RICHMOND, Va. (AP/WJLA) - The Virginia State Crime Commission has endorsed tougher penalties for illegal cigarette trafficking and texting while driving.
The panel made those two proposals part of its 2013 legislative agenda at its final meeting of the year Wednesday.
The commission will ask lawmakers to increase penalties for people who buy large quantities of cigarettes in Virginia for resale on the street in states that have a higher tobacco tax.
Experts have told the commission that cigarette smuggling has dramatically increased because it's more profitable than drug dealing, and the penalties are not as harsh.
Texting while driving also is a growing problem. It's now a civil offense, but the commission wants to make it punishable as reckless driving.
Virginia driver Nick Klissas said, "It's kind of irresistible to do it when you're in stop and go traffic. You might be late for a meeting or maybe you have to pick up your daughter from ballet class."
But parents don't want their children picking up dangerous habits behind the wheel.
Banu Gurler says the only way she'll have peace of mind when handing her daughter, Deniz, the car keys is if lawmakers crack down on texting and driving.
"I don't want her to drive and text at the same time, which I'm sure they will do if nobody is following them up," Gurler said.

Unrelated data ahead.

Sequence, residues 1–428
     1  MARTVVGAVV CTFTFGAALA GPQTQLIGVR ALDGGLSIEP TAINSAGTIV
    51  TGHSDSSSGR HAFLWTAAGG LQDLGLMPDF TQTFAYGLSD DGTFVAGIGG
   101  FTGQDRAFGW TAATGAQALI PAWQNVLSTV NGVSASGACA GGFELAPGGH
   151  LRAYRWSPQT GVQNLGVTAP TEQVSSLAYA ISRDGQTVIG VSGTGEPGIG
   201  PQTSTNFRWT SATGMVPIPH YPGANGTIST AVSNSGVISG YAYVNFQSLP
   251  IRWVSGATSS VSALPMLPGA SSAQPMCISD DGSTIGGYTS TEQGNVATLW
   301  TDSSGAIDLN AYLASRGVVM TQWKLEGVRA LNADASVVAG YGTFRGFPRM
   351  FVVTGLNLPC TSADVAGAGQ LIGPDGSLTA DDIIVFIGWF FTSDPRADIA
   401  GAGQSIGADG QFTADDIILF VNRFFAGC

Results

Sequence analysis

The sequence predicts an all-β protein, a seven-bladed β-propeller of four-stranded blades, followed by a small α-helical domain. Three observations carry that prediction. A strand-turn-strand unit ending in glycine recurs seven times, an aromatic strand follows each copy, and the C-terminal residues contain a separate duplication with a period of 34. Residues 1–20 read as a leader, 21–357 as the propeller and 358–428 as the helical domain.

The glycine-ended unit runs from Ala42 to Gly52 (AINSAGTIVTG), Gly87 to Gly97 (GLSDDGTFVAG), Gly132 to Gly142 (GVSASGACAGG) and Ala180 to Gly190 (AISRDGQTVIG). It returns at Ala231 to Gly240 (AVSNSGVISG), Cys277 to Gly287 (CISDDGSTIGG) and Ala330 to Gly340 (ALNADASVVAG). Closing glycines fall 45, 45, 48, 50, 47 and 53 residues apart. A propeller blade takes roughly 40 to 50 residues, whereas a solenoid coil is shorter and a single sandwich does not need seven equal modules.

Deniz, a Washington-Lee High School freshman, added, "I'm pretty addicted to texting. I wouldn't do it behind the wheel, but I'm pretty sure some of my friends might have problems with it."
While texting and driving is against the law in Virginia, police can only ticket drivers pulled over for another offense.
Paige Hamrick, a high school teacher and mother of two, says that's ridiculous.
Hamrick said, "I don't know how you can read or send a text and watch the road at the same time. I just don't get that."
Truck driver Timothy Krueger doesn't get it either. As a truck driver, if he texts behind the wheel, his company faces a fine of up to $11,000 thanks to federal law.
"It seems like the country is starting to become more aware how dangerous it is to do it...Virginia need[s] to get on the bandwagon and make the law tougher," Krueger added.
Virginia lawmakers will consider tougher penalties when they convene in Richmond next month.
Legislation on the table would allow police to pull over and charge any driver they see texting. Similar policing policies are already in effect in Maryland and D.C.
The penalty in Virginia could be up to a year in jail and a $2,500 fine.
The Virginia bill being considered would apply not only to texting, but also playing games, reading email and any other use of a "hand-held communications device." Making a phone call would remain legal.